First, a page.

This group is not simply misguided. A former member of theirs glibly showed all of us including children in the audience a video of abortions during a debate with Matt Dillahunty. She most definitely had the fresh faced, well meaning look down, even when she showed us the video without batting an eye. She also argued that abortion should be criminalized and prosecuted as murder. Matt’s recent debate with an SPL member showed the same callous lack of regard for women. The Christian debater argued that a woman shouldn’t be allowed to abort a pregnancy that would cripple her.
I don’t ever remember being that inhumane and judgmental at the height of my Christian years, and there is difference between some misguided person that you know or the pro-lifer you may have been and SPL.
As of this moment, Pooka and I plan on seeing them at The American Atheists Convention in Salt Lake City this weekend. We hope the information we provided helps people to make informed decisions. I can’t help picturing a Reed Warbler unwittingly nurturing an imposter Cuckoo chick.
It is often difficult and awkward to move disagreements forward to where they become productive in the insular, organized atheist community. Especially for a family that is as actively involved as the Ra family, because a lot of times we know and like and often respect the people involved on a personal level. And to make matters more awkward so do our other atheists friends. So basically, we all collectively cringed about Dave Silverman’s comment to conservatives about abortion rights, because we really like him and we respect his professional accomplishments in the secular realm. Of course, many of us were also chagrined because we are part of the super-progressive reproductive rights community. This is the comment for reference although you mostly likely already know what he said…
“I will admit there is a secular argument against abortion,” said Silverman. “You can’t deny that it’s there, and it’s maybe not as clean cut as school prayer, right to die, and gay marriage.”
There have already been many criticisms from the fiercely, liberal secular types including PZ Myers, Sarah Moglia, Steve Ahlquist, Ophelia Benson, and Jason Thibeault. And too, there has been support for Silverman from no less liberal sources such as JT Eberhard and my personal friend, who I can testify is actually a ray of Secular Sunshine Shanon Nebo. Silverman clarified his comment on her blog.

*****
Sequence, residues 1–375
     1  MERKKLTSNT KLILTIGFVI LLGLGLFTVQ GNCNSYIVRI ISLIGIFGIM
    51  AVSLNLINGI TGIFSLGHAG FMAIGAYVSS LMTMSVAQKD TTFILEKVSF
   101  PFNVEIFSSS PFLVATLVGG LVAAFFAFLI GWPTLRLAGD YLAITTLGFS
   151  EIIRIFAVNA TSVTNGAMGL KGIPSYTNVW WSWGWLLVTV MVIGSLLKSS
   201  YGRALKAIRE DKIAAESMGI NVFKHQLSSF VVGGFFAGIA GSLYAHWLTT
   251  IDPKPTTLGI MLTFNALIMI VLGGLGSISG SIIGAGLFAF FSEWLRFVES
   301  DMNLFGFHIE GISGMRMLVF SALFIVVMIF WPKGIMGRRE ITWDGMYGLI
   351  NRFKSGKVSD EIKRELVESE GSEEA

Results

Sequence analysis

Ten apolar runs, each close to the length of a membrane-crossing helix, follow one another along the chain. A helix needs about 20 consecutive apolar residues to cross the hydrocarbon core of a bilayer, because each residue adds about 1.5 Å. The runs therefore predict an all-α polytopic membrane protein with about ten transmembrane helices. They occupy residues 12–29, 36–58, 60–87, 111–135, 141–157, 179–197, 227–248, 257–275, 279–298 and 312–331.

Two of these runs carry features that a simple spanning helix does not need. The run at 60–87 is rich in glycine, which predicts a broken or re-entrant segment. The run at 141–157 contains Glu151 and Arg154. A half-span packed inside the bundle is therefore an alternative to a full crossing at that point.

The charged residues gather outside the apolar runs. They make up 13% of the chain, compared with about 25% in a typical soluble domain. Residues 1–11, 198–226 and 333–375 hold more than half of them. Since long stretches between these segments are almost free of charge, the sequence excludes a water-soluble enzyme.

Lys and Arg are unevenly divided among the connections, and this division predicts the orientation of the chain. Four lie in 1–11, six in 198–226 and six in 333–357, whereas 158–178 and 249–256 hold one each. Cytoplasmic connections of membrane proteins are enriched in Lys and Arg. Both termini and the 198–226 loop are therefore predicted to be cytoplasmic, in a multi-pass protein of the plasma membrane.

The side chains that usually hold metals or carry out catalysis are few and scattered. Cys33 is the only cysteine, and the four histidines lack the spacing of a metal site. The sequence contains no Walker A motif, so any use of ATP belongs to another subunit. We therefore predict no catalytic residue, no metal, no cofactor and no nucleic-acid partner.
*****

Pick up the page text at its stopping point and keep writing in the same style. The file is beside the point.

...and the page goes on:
I was talking to a lot of press this week – I mean a LOT of press, and most of it hostile. When I was talking to Raw Story I gave them the same pitch I’d given so many times before: Conservatism is basically divided into two parts, fiscal conservatism, which is real conservatism, and Social conservatism, which is Christian theocracy masquerading as conservatism, with the latter holding down the former. Is the fiscals dropped the Christian social bullshit, I said, real conservatism would benefit from the influx of conservative atheists who avoid the movement due to the theocratic aspects.
I said that all of the social conservative agenda was religious in nature, to which the reporter eagerly countered that there was a secular argument for abortion. He clearly knew he was right, and so did I – there is a secular argument (one with which I firmly disagree) whose existence I cannot deny.
Rather than take the road to discussing abortion, I acquiesced to his correct counterpoint, returned to my point, and said that school prayer, LGBT equality, and Death with dignity were better examples of purely Christian positions (“it’s maybe not as clean cut as school prayer, right to die, and gay marriage”), and we went on with the discussion on why American Atheists was there.
There’s my scandal. The rest of what you may have read is reckless “positing” by people who didn’t do what you did – ask me. Thank you for being responsible.
So there it is, Silverman says that even though he disagrees with secular anti-choice arguments, he couldn’t deny that they exist. As many of you already know there are secular arguments against gay marriage and euthanasia that are just as bad as the ones against a woman’s right to choose. You really don’t have to scratch too far beneath the surface of all of these supposedly secular arguments to smell the stink of repressive Christian culture.
In fact, I just did a presentation in February for the Secular Humanists of Southern California on how thinly veiled secular anti-choice arguments are. I don’t want to belabor the point but here is a photo from Secular Pro-life‘s website to just show you how they basically just spin religious arguments into secular ones.